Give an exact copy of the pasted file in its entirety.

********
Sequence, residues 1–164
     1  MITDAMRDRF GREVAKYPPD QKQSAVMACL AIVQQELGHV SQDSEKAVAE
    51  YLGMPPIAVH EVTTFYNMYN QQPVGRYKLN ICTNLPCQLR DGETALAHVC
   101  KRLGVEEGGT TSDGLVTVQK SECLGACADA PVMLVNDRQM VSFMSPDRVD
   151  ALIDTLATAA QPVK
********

Sequence, residues 1–164
     1  MITDAMRDRF GREVAKYPPD QKQSAVMACL AIVQQELGHV SQDSEKAVAE
    51  YLGMPPIAVH EVTTFYNMYN QQPVGRYKLN ICTNLPCQLR DGETALAHVC
   101  KRLGVEEGGT TSDGLVTVQK SECLGACADA PVMLVNDRQM VSFMSPDRVD
   151  ALIDTLATAA QPVK